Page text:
The SSL/TLS system used to encrypt server-to-server email traffic can also be used to enforce authentication, but in practice it is seldom used, and a range of other potential solutions have also failed to gain traction.
However a number of effective systems are now widely used, including:
To effectively stop forged email being delivered, the sending domains, their mail servers, and the receiving system all need to be configured correctly for these higher standards of authentication. Although their use is increasing, estimates vary widely as to what percentage of emails have no form of domain authentication: from 8.6% to "almost half". For this reason, receiving mail systems typically have a range of settings to configure how they treat poorly-configured domains or email.
- Email authentication – Techniques aimed at providing verifiable information about the origin of email messages
- Sender Policy Framework – Simple email-validation system designed to detect email spoofing (SPF)
- Computer virus – Computer program that modifies other programs to replicate itself and spread
- Computer worm – Malware
- Hoax – Deliberately fabricated falsehood made to masquerade as the truth
- Chain letter – Letter written in succession by a group of people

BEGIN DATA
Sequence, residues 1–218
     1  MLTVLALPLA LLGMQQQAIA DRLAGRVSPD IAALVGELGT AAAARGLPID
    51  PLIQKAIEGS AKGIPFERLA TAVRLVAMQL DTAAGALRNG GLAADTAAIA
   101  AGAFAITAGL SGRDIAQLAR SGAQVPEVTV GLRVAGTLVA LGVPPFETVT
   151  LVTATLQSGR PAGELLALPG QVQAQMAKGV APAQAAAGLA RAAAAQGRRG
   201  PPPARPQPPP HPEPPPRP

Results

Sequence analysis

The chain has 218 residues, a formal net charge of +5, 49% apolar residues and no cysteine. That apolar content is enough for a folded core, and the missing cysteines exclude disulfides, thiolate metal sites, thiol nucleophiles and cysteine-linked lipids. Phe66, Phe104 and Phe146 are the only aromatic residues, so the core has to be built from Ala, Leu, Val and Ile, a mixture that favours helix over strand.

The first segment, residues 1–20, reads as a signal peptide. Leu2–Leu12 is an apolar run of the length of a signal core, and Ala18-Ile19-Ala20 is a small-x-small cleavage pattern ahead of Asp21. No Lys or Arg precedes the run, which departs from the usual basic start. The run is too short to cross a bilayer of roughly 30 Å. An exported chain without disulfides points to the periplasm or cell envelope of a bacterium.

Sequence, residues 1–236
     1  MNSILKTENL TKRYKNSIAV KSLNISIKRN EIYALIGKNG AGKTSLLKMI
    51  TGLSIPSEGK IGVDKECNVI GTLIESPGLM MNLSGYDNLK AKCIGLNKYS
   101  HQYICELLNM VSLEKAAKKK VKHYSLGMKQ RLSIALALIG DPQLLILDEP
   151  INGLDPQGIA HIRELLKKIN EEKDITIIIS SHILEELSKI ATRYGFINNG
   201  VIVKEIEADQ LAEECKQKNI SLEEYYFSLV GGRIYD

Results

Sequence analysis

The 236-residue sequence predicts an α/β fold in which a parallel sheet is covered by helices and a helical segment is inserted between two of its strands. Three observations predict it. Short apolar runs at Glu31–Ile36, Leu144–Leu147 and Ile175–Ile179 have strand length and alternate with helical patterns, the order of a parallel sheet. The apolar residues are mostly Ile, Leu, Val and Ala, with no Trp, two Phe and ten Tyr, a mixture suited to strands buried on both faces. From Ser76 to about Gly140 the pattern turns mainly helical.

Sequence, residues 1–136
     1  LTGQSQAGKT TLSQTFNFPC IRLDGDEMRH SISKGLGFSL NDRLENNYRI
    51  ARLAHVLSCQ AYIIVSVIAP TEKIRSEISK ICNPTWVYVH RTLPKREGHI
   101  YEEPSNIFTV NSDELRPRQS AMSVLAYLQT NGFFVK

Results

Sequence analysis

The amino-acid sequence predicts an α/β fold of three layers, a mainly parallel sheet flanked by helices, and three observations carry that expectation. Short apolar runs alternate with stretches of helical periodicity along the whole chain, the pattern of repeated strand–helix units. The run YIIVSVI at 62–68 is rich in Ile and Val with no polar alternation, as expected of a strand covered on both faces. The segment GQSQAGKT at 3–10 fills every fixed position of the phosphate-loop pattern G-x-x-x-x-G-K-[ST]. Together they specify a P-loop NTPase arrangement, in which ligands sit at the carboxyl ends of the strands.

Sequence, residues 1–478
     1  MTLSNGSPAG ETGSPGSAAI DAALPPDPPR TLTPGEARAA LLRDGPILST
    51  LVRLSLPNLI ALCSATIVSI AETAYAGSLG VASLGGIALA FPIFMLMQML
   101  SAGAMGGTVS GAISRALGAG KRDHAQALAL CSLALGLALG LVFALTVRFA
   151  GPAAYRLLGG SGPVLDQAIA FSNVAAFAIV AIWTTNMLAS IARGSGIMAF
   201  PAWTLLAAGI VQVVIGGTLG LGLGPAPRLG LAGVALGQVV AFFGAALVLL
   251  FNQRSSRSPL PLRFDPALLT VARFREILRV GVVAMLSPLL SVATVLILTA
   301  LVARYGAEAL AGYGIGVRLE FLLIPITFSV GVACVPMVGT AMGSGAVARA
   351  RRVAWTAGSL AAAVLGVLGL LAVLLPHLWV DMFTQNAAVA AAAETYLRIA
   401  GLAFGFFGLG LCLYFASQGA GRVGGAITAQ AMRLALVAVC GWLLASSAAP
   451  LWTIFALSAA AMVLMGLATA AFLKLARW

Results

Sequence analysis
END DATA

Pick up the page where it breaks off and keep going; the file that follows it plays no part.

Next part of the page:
- Joe job – A spamming technique that sends out unsolicited e-mails using spoofed sender data
- Website spoofing – Creating a website, as a hoax, with the intention of misleading readers
- Prank call
- Siebenmann, Chris. "A quick overview of SMTP". University of Toronto. Retrieved 2019-04-08.
- Barnes, Bill (2002-03-12). "E-Mail Impersonators". Retrieved 2019-04-08.
- "e-mail impersonators: identifying "spoofed" e-mail". Archived from the original on 2017-06-21. Retrieved 2019-04-08.
- "Fraudsters' fingerprints on fake Samsung deal". Retrieved 2019-04-08.
- See RFC3834
- "Transport Layer Security for Inbound Mail". Google Postini Services. Archived from the original on 2016-11-11. Retrieved 2019-04-08.
- Bursztein, Elie; Eranti, Vijay (2013-12-06). "Internet-wide efforts to fight email phishing are working". Google Security Blog. Retrieved 2019-04-08.
- Eggert, Lars. "SPF Deployment Trends". Archived from the original on 2016-04-02. Retrieved 2019-04-08.
- Eggert, Lars. "DKIM Deployment Trends". Archived from the original on 2018-08-22. Retrieved 2019-04-08.
- "In First Year, DMARC Protects 60 Percent of Global Consumer Mailboxes". dmarc.org. 2013-02-06. Retrieved 2019-04-08.
- "Prevent spoofed messages with spoofed senders detection". Retrieved 2019-04-08.
- "Anti-spoofing protection in Office 365". Retrieved 2019-04-08.
- "2002 Tech Tip: Spoofed/Forged Email". SEI Digital Library. Carnegie Mellon University. 2002-01-01. Retrieved 2019-12-19.